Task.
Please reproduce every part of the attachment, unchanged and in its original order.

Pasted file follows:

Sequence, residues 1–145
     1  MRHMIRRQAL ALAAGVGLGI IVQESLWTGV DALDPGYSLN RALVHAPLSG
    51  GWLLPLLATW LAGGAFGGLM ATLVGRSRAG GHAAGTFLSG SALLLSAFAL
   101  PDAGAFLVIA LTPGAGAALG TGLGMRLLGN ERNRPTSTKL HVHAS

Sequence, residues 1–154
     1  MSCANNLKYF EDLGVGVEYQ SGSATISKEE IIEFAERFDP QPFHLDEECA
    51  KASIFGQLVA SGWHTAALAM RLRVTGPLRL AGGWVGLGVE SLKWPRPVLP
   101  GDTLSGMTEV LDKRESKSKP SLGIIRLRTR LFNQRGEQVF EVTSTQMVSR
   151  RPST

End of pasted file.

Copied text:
Sequence, residues 1–145
     1  MRHMIRRQAL ALAAGVGLGI IVQESLWTGV DALDPGYSLN RALVHAPLSG
    51  GWLLPLLATW LAGGAFGGLM ATLVGRSRAG GHAAGTFLSG SALLLSAFAL
   101  PDAGAFLVIA LTPGAGAALG TGLGMRLLGN ERNRPTSTKL HVHAS

Sequence, residues 1–154
     1  MSCANNLKYF EDLGVGVEYQ SGSATISKEE IIEFAERFDP QPFHLDEECA
    51  KASIFGQLVA SGWHTAALAM RLRVTGPLRL AGGWVGLGVE SLKWPRPVLP
   101  GDTLSGMTEV LDKRESKSKP SLGIIRLRTR LFNQRGEQVF EVTSTQMVSR
   151  RPST